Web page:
Tennessee bill allows rapists to block abortion for victims; lawmakers appoint shady ammunition dealer to Board of Education


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Like other red states, Tennessee is enthusiastically following the lead of Florida and Texas by introducing copycat bills to limit abortion access, ban books, and erase LGBTQ+ people from history.

Don’t say gay bill 2.0: Tennessee state Rep. Bruce Griffey (R-Paris, TN) introduced a more draconian version of Florida’s “Don’t Say Gay” bill last month. Whereas Florida’s bill is aimed at children in kindergarten through grade 3, Griffey’s HB 800 covers K-12 and includes more restrictive language:

[Local educational agencies] and public charter schools shall not locally adopt or use in the public schools of this state, textbooks and instructional materials or supplemental instructional materials that promote, normalize, support, or address lesbian, gay, bisexual, or transgender (LGBT) issues or lifestyles.

A ban on normalizing and addressing LGBTQ+ persons or issues would put teachers in legal peril for allowing students with two moms or dads to talk freely about their families. Any book or discussion that treats LGBTQ+ individuals as ordinary would be prohibited.

Griffey turns to religion to justify the bill’s attack on LGBTQ+ peoples’ very existence:

WHEREAS, the promotion of LGBT issues and lifestyles in public schools offends a significant portion of students, parents, and Tennessee residents with Christian values; and

WHEREAS, the promotion of LGBT issues and lifestyles should be subject to the same restrictions and limitations placed on the teaching of religion in public schools;

Abortion bounty 2.0: A Tennessee House committee considered a bill last week that would ban all abortions and allow anyone to sue those who help someone seek an abortion. Unlike Texas’ bounty bill, House Bill 2779 does not allow abortions within the first 6 weeks of pregnancy and does not contain a firm expectation for rape or incest.

Representative Bob Freeman (D – Nashville) asked [Alexander] whether she believed the bill would allow families of rapists to sue victims if they get an abortion after they are raped. He said around one in six women in Tennessee are survivors of rape. “You could have a rapist and that rapist could impregnate a young lady, a minor, and the rapist’s mother or father could bring suit against that minor if they decided to get an abortion if this passes,” Freeman said.

[Alexander] said while the bill says rapists would not be able to bring charges against victims. However, she said it says nothing about their friends or families, and victims would end up having to pay a $10,000 fine.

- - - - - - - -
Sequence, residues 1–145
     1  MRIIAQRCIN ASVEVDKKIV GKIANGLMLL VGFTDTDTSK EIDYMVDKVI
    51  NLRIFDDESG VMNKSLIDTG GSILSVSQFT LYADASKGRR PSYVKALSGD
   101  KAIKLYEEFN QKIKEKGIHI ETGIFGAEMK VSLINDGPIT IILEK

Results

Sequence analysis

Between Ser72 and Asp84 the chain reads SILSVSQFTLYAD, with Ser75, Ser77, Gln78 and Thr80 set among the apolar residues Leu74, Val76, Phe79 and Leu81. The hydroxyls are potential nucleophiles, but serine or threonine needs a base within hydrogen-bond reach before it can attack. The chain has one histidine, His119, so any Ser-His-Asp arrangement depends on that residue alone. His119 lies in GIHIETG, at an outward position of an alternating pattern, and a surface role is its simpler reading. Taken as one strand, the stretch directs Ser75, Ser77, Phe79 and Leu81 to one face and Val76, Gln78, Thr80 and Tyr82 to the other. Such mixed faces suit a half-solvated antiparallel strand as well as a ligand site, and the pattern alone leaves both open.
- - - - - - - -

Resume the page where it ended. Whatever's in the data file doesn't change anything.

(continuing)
Rapist bill of rights: Two Tennessee state lawmakers, Republicans Sen. Mark Pody and Rep. Jerry Sexton, introduced legislation that would allow a father to deny an abortion without the pregnant woman’s consent. The bill’s language does not include exceptions for rape or incest.

“I believe a father should have a right to say what’s gonna be happening to that child,” Pody said. “And if somebody is going to kill that child, he should be able to say, ‘No, I don’t want that child to be killed. I want to able to raise that child and love that child.'”

Book bans: Tennessee lawmakers are considering a bill that would drastically change what materials are available in public school libraries. HB 1944 is a vague ban on any books or instructional materials that contain “obscene materials or materials harmful to minors.” Providing students access to such material would result in a criminal fine for librarians and a maximum $50,000 fine. It passed the House Education Administration Committee in an 11-2 vote last week.

“Banning children from access to literature, criminalizing librarians is wrong, I’m offended that my librarians were compared to sex predators, and pedophiles lurking around in white vans that means someone doesn’t even know what the bill does and has no idea what a librarian does,” said Rep. G.A Hardaway (D-Memphis).

Meanwhile, in a sign of the importance placed on education in Tennessee, lawmakers confirmed Gov. Bill Lee’s (R) appointment of an ammunition company owner to the State Board of Education. Jordan Mollenhour, owner of online firearm ammunition company Lucky Gunner, was approved to the position in a 71-14 House vote Thursday. Lucky Gunner has been sued for selling ammunition involved in two mass shootings, including the Aurora, Colorado, movie shooting.

Republican House Majority Leader William Lamberth defended Mollenhour on Thursday, saying that “if a person sells enough ammunition, there will be an evil person that misuses it.”